Creator Spotlight: J.P. Willie Has Big Plans for the Horror Genre
The Louisiana native and active duty Sergeant First Class has his sights set on making an impact in the world of horror.
By Chris Morse
We have recently had the pleasure to get to know an up-and-coming horror creator who won't take no for an answer, so we felt this would be a good time to kick off our new column, appropriately dubbed our official Dead Entertainment Creator Spotlight. In this column, we will be taking a look at independent creators in the world of horror who have great ideas and big dreams. Author and filmmaker J.P. Willie fits the mold perfectly and we get the feeling we'll be seeing his name pop up for a long time.
Born in Louisiana, Willie started on horror at a young age and never lost that passion. He enlisted in the United States Army way back in October of 2000 and has been serving ever since. His full time role in the military and two tours in Afghanistan have not stopped him from pursuing his passion for horror either, as he has since become a published author with two independent films set to be completed soon.
For Willie, it all started with writing. He began his writing career back in 2008 with his debut novel, Blood in the Woods, which was based on true events from his childhood. The book is now available on Amazon in paperback via Hellbound Books after he was finally able to get it published last year. Since then, he's made the leap into filmmaking and went to work on two independent film projects. He had previously explored creating short films over the years, but he was set to move into bigger territory with these.
Crybaby Bridge: A Louisiana Urban Legend, is wrapping filming this month with some reshoots for his other film, Welcome Home Rougarou, scheduled for September. The latter is based on his short story about a local urban legend and you can also find a Kindle edition of it right on Amazon. Both films are headed through post-production with plans on hitting film festivals later this year.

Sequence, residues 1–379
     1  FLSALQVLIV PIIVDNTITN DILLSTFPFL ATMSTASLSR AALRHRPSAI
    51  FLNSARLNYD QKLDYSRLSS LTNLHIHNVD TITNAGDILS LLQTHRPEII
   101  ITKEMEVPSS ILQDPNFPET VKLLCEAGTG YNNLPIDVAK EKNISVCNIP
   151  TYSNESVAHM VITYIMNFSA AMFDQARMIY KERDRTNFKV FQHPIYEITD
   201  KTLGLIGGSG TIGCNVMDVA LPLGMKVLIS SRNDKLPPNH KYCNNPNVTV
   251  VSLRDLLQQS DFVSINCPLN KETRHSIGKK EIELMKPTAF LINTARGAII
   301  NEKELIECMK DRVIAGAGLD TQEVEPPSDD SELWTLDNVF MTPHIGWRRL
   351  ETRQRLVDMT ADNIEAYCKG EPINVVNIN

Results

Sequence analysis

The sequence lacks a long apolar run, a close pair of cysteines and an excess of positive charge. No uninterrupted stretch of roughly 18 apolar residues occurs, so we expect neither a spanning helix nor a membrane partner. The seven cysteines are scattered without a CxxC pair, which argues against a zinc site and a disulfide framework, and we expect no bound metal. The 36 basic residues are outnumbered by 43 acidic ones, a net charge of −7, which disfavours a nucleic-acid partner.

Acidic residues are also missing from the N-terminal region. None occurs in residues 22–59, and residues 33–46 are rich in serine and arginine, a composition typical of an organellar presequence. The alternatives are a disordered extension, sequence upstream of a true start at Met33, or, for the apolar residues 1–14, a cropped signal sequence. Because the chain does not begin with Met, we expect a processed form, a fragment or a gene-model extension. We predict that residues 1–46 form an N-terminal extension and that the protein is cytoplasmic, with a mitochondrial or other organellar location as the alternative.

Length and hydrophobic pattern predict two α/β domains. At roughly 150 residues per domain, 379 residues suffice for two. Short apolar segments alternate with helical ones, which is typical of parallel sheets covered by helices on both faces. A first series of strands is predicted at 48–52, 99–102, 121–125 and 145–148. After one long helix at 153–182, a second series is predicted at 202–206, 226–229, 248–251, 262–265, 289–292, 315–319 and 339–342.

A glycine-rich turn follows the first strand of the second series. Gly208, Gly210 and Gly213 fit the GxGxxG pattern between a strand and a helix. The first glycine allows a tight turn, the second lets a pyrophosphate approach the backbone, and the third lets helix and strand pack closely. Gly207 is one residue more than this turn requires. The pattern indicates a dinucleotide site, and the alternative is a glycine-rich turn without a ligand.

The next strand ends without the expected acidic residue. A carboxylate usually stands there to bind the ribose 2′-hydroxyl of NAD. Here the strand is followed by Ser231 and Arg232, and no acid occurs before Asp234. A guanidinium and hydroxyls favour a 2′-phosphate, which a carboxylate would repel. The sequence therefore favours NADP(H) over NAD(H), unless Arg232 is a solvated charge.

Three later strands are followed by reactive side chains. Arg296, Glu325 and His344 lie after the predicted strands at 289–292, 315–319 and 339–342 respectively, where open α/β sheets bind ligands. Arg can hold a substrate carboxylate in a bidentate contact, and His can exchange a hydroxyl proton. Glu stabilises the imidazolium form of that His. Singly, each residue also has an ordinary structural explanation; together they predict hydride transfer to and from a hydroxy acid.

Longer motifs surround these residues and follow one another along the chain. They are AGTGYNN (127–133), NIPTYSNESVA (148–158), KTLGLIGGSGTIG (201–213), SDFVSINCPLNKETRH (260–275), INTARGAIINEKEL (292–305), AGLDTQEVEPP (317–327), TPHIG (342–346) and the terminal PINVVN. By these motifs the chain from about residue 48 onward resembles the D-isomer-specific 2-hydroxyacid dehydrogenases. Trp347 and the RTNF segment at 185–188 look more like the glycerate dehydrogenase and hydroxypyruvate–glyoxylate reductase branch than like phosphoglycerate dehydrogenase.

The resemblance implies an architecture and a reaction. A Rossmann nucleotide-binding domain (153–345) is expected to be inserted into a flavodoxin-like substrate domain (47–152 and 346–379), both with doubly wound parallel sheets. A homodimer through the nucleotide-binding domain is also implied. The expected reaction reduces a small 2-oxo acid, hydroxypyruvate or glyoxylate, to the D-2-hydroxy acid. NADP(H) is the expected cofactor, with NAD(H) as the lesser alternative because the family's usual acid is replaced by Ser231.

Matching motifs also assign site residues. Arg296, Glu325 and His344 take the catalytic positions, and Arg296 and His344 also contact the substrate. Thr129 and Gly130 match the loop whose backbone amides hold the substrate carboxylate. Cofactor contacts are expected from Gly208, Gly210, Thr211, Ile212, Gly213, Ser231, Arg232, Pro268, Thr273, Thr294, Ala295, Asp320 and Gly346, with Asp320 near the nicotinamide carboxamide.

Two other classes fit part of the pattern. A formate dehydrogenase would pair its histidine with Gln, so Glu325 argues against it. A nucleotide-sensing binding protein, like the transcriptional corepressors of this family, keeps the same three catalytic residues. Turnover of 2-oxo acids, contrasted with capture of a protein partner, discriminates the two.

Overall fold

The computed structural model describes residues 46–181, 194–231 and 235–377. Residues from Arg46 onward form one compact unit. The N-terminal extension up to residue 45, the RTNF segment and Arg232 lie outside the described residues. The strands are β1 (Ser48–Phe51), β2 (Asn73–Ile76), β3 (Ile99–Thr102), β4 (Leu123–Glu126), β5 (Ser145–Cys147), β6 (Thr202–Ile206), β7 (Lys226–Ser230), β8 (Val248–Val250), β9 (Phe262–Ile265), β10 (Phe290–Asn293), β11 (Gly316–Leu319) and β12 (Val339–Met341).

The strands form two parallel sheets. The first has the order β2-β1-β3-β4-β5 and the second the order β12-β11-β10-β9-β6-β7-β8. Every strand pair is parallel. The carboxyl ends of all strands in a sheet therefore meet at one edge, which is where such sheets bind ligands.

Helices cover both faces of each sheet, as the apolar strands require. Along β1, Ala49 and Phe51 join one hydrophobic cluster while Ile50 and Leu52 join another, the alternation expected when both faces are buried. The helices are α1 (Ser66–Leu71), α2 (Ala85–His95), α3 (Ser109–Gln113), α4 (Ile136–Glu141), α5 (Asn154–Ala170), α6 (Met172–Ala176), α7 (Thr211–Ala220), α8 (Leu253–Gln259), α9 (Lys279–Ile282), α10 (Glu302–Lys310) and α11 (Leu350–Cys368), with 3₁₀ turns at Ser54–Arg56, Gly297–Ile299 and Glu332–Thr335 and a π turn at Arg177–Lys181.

This is a creator with a lot on his plate and he refuses to back down from the challenge. The most recent such challenge is to answer a few questions for us! Not only was he able to share some insight into his life, work, and passion for horror, he was also able to reveal some very exciting news about what he's working on next. Check out the full interview below.
Dead Entertainment: Hello and thank you for answering some of our questions for this creator spotlight! Let's start from the beginning, shall we? After reviewing your work, there is no doubt at all that you have a rarely-matched passion for horror. Tell us about how that started and share with us some of your earliest horror memories.
J.P. Willie: I remember watching Jaws when I was around 7 or 8 years old and, immediately, I became a fan of suspense. I loved feeling my heart beat in my chest, but it wasn’t until I was around 10 years old that I fell in love with horror. I recall sitting on top of my yellow slide that was connected to our cheap, metal swing set that resided in our front yard, and I had Bram Stoker’s Dracula in my hands. My mother, a lover of horror since The Exorcist, bought it for me from a local bookstore in Hammond, Louisiana. Although the reading was a little advanced for my age, I made my way through the pages and read a line that chilled me to the bone:[pullQuote-0]